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Hollie Bowden Has Mastered the Unexpected

An oversized rosary, a shredded Margiela dress, and many chunky platform boots—and that's just the start of the interior designer's incredible collection of vintage and designer pieces.

Suzannah Pettigrew
Hollie Bowden Has Mastered the Unexpected
Hair & Makeup:
Erika Freedman
Interior Designer:
Hollie Bowden

Hollie Bowden had an epiphany during an early moment in her would-be career as a stylist. She was on set, assisting Karen Clarkson, when she realized: "I don't want to dress models. I just want to wear it all." Years later, after establishing herself as a foremost interior designer and founding a studio and adjoining gallery in Shoreditch, she has curated the kind of wardrobe most people working in fashion would sell their souls for.

The talents that distinguish her as a self-described interiorist—mainly her drive to hunt rare, unique, and obscure pieces and her uncanny ability to pair them in the most unlikely combinations—make her an incredible fashion collector. As such, there is a cohesion between the spaces she decorates and the way she styles herself. “I like the scheme of what the project is and what I'm wearing to sync a little bit because it feels right,” she explains. “It feels like a kind of language.” Her taste is distinctive and yet difficult to define; the main throughline being an appreciation for vintage and a love of the unexpected. She’ll wear a lush green coat by ’60s and ’70s bohemia designer Bill Gibb with a painted halter top by the lavender-haired contemporary experimental artist Claire Barrow and pants from Found and Vision, her friend’s vintage shop. Similarly, she has styled her studio with a worn-down English table, a bright yellow felt Gaetano Pesce chair, and a religious sculpture. “That should not make sense, but it totally does," she comments.

Bowden always had a strong sense of what she wanted to wear. Growing up as a competitive show jumper, she even found ways to personalize her riding attire, always opting for dark green and sewing her name into her high collar. She would use her show-jumping earnings to buy Diesel and Versace at Portobello Market, establishing relationships with vintage dealers she maintains to this day. Her signature Buffalo boots and silver Polo Sport jacket caught the eye of a young FKA Twigs when they were at school together. Today, Twigs and Bowden are friends—Bowden designed her East London home—and the jacket is worth thousands. (Sadly, Bowden doesn’t know where hers went.)

Over the span of our conversation, Bowden mentioned collecting over 25 brands and designers—from Issey Miyake (her first major luxury purchase) to the punky, cool kid jewelry maker Amy Rodriguez. Many, like Dilara Fındıkoğlu, are personal friends whose careers she has seen flourish over the years. She jokes that her wardrobe is the perfect stop on the way to a themed party. “If they want PVC, if they want seventies, if they want girly, if they want punk, anything, I've got it in abundance,” she laughs. She recently moved into a six-bedroom townhouse and for the first time in her life, has a dedicated dressing room for her expansive wardrobe. “After years and years, I now have a room with everything I've collected: a room for belts, a drawer for hair bands, all my hats, hundreds of them have a spot,” she explains. I can’t help but envy her four-year-old twin daughters who will one day have access to racks of Vivienne Westwood and Margiela.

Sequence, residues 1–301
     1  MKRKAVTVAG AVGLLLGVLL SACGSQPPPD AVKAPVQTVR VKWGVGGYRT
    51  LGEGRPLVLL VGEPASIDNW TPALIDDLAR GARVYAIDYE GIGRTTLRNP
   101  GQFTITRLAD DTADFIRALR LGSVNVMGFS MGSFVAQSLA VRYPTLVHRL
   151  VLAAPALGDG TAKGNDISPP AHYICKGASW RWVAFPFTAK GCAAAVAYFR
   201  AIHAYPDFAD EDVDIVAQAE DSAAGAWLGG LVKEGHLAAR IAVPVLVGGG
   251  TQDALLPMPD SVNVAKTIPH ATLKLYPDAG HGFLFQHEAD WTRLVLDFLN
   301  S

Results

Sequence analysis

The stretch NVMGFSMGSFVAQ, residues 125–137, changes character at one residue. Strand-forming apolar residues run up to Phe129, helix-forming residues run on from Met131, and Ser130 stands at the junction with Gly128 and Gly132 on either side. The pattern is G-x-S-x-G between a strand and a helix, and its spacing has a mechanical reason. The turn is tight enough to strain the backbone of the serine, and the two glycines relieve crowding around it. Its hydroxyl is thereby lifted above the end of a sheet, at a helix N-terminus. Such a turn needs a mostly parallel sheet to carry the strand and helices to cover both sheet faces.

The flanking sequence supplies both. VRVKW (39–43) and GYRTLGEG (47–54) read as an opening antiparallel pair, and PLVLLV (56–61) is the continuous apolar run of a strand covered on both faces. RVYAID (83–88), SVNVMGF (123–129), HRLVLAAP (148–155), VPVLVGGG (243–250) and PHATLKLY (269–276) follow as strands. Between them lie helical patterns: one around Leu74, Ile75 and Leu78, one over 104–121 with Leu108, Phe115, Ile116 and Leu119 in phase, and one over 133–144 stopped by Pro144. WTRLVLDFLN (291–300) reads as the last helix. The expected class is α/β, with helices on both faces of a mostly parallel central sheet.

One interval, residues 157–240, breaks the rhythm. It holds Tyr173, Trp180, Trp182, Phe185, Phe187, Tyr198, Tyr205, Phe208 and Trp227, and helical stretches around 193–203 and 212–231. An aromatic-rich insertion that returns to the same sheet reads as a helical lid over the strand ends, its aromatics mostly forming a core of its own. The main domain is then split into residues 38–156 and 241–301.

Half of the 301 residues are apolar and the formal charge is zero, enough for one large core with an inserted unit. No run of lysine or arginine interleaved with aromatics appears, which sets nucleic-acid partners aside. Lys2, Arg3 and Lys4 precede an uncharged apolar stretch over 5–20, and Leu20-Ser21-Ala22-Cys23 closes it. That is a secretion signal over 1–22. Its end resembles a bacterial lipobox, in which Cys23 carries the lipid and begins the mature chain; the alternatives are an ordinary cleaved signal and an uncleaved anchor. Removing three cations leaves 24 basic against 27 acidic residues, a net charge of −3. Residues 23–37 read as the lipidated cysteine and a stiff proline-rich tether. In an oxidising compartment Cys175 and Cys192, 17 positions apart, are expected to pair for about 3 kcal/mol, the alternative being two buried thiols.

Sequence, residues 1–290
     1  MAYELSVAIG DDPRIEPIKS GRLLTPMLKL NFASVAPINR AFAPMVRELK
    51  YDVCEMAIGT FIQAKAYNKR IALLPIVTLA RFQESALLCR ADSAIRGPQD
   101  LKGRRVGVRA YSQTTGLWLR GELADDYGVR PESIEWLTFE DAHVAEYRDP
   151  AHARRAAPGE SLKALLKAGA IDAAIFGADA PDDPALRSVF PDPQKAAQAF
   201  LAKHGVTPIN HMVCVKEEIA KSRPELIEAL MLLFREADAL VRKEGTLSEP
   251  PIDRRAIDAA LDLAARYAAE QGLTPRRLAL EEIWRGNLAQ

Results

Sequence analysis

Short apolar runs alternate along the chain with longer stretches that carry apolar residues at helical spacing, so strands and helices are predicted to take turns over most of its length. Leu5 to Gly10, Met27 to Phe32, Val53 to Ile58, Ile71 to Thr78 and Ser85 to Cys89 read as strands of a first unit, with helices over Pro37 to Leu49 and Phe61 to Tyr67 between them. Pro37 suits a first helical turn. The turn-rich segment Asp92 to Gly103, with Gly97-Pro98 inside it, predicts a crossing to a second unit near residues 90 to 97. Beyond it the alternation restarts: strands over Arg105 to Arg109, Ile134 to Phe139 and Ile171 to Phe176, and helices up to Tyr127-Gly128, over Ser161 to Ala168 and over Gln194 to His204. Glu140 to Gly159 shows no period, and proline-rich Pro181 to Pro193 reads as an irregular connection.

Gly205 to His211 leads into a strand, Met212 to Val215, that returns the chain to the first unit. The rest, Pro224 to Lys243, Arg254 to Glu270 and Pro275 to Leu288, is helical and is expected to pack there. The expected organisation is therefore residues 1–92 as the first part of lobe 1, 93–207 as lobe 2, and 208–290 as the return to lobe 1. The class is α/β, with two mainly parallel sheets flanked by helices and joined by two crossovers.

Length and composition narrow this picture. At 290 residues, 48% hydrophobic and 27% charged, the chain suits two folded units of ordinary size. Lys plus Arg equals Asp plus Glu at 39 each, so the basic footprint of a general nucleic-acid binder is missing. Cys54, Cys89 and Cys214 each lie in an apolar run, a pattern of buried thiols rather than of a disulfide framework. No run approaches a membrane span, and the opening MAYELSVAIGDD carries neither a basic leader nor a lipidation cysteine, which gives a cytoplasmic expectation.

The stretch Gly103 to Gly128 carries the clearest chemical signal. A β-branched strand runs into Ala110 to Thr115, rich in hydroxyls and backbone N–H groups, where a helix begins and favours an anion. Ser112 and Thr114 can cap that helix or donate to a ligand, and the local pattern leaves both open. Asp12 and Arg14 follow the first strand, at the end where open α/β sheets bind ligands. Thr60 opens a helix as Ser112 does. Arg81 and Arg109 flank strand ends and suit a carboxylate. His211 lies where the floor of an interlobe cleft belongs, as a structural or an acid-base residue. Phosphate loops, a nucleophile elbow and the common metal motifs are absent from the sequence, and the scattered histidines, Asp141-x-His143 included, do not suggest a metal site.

Bowden enlisted her friend, the creative director Yaz XL, to help curate her outfits for this feature. She described the shoot, which took place in her studio’s gallery space, as a kind of reinvention for her; with the help of Yaz, she rediscovered pieces she hadn’t worn since her pregnancy with the twins. “When I had the girls, my friend said to me, ‘Just hide your wardrobe for at least four years.’ I went, ‘Don't be ridiculous. Six months and I'll be back wearing that little leather skirt,’” she recalls. “She was absolutely right. They're just coming up to four, and this is the time that I've been able to be like, ‘Okay, Mum's back.’

Art Director: Yasmin Exall and Smiley Stevens / Managing Editor: Hilary George-Parkin / Casting Director: Yasmin Coutinho / Executive Producer: Marc Duron

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